Earlier this month, we looked at the question of whether Stocks were Cheap or Expensive. That was a follow up to our glance at how much Earnings and Equities had rallied off the 2009 lows.
The problem is the many ways we can define earnings-per-share. Do we use analysts’ forward earnings estimates? Trailing 12 months reported earnings? GAAP? Operating earnings? Blame the accountant industry for lacking sufficient spine to create a formal, uniform consensus on exactly how we should be defining earnings-per-share.
Which earnings type we use is only the first issue we run into. The next concern is our data set. For example, the Merrill Lynch analysis look at 15 earnings measures, but used data that only went back as far as 1960. Yale University professor Bob Shiller’s database goes all the way back to 1871.
Choosing which data set to work with may create a different outcome. Merrill shows stock prices between moderately undervalued and fairly priced. Shiller shows equities as modestly over-valued. Note the choice we make when selecting data sets can have a very significant impact on the final numbers.
The reality is far more nuanced. We do not know if equities are either over or under valued, because we have no idea what future earnings are going to be. The debate about valuations often turns on which group’s forecast is going to be correct: Expansion or contraction. (We shall ignore the extremeists on both ends of the scale, as they are annoying little twerps who are almost never correct).
Consider how earnings might change in the near future: If the economy were to accelerate (Sequester ends? China improves? Europe recovers?) than earnings could increase significantly, thereby making stocks “suddenly” look cheap. The opposite of this is a US recession, where earnings fall 20-30%, making stocks appear pricey and due for a more significant correction than the 10-19% blips we have plowed through the past 5 years.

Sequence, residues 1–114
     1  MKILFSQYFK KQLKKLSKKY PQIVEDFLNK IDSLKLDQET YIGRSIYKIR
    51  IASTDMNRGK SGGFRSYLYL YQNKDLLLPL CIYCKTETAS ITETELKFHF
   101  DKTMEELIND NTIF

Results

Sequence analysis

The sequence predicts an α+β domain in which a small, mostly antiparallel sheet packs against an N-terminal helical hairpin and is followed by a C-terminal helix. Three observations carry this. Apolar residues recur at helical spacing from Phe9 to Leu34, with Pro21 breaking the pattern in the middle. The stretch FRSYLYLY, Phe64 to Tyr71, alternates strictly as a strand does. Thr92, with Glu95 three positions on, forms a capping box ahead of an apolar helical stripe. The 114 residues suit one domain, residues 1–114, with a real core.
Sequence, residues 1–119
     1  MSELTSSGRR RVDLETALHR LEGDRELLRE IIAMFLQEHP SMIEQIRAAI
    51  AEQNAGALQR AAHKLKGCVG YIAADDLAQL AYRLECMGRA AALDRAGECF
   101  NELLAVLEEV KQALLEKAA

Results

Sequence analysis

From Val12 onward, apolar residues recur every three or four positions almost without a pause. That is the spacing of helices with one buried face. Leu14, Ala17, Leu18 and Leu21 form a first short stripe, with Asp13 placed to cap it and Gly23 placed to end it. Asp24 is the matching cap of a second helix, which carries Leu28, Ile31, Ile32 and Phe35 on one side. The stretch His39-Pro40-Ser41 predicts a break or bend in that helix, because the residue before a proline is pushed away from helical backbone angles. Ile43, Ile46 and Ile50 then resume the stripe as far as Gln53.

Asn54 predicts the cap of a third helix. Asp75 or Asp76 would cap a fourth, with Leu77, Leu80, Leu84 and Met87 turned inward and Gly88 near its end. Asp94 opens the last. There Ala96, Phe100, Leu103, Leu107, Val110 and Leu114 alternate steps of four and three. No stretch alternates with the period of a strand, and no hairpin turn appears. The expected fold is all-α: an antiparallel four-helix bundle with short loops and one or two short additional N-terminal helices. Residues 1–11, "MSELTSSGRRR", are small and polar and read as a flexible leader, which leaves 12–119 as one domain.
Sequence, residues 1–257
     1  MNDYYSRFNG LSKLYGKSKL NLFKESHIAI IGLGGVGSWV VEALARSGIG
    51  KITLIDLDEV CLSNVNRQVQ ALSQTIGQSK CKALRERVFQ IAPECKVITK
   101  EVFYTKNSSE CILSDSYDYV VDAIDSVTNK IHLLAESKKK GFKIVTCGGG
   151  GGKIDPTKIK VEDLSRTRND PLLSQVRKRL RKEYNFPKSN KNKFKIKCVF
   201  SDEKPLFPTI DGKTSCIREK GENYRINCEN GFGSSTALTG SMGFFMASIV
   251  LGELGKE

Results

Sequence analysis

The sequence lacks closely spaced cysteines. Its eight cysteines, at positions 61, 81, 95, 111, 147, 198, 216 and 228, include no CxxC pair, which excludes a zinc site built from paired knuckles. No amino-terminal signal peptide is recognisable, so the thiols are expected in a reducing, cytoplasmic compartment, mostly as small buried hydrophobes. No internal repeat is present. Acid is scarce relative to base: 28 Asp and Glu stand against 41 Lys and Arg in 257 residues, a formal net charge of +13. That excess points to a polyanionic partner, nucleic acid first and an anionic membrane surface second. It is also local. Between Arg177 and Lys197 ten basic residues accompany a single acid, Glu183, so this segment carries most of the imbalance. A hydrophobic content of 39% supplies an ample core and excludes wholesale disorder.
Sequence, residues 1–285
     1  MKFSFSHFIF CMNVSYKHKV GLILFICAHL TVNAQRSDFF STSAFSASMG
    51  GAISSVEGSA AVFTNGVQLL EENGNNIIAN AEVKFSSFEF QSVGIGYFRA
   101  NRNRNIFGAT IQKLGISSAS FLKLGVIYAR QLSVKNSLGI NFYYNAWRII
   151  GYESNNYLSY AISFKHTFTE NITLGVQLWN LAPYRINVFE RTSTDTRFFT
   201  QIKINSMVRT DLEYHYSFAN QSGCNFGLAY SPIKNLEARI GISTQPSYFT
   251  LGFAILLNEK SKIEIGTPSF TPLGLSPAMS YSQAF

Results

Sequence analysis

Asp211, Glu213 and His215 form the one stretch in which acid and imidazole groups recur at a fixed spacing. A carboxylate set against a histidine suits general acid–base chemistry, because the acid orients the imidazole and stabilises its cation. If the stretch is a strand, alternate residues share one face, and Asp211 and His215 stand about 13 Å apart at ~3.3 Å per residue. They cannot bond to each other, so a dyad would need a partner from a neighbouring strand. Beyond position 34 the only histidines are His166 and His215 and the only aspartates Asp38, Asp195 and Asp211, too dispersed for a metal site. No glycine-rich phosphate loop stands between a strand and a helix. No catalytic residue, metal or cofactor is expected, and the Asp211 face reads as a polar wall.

Perhaps a better answer to the question “Are stocks cheap or pricey?” is It depends upon what happens in the future.
It is a deeply unsatisfying answer to most people. That is mostly because of its characteristic of being a) true, and b) recognizing the inherent unknowable future as such, and therefor frustrating to those investors who cling to the illusion of clarity.
The Flawed Fed Valuation Model (February 5th, 2008)
Why Using P/E Ratios Can Be Misleading (March 21st, 2012)
Earnings and Equities had rallied off the 2009 lows. (July 22nd, 2013)
Stocks were Cheap or Expensive. (August 9th, 2013)
Price-to-Earnings Ratios Aren’t Always What They Seem
P/E Calculations Based on Differing Views of Earnings Paint Competing Pictures of the Market
WSJ,August 16, 2013